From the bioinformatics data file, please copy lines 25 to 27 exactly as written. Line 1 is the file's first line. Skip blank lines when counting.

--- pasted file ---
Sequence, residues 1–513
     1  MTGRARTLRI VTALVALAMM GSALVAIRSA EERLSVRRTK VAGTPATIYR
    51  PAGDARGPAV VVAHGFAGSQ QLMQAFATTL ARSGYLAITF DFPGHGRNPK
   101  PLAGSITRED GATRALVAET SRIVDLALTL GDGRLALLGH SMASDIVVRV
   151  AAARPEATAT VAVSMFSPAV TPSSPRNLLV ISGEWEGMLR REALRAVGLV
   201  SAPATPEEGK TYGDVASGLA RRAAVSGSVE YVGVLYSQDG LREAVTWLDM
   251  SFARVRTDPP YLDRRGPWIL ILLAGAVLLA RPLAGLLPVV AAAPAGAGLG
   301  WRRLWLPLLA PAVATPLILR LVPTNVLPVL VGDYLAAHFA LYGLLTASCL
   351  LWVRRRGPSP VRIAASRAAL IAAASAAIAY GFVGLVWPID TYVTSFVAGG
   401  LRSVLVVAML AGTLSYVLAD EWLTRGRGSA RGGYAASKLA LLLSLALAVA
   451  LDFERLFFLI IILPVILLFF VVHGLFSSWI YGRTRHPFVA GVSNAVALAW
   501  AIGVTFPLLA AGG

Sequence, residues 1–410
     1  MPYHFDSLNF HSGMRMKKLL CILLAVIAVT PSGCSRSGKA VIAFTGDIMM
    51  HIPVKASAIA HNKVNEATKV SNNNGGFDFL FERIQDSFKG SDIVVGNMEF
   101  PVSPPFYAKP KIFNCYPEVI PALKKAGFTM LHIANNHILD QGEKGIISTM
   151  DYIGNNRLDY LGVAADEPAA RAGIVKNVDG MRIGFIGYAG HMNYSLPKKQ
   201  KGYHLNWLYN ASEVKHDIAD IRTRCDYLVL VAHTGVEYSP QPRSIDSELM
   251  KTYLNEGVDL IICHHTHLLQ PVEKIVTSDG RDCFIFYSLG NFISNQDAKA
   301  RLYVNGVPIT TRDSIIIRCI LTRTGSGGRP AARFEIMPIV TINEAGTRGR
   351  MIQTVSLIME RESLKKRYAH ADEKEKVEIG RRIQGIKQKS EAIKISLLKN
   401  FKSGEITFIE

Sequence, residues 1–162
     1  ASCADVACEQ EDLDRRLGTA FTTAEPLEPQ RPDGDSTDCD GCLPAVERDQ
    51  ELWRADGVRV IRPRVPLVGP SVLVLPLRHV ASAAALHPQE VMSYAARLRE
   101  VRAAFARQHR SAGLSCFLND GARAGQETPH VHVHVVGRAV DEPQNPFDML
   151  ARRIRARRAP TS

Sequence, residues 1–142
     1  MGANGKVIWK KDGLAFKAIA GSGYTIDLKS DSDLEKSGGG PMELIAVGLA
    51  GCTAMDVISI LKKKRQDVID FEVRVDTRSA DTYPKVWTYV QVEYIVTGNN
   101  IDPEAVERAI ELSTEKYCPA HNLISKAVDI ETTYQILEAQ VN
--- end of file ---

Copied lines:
    51  ELWRADGVRV IRPRVPLVGP SVLVLPLRHV ASAAALHPQE VMSYAARLRE
   101  VRAAFARQHR SAGLSCFLND GARAGQETPH VHVHVVGRAV DEPQNPFDML
   151  ARRIRARRAP TS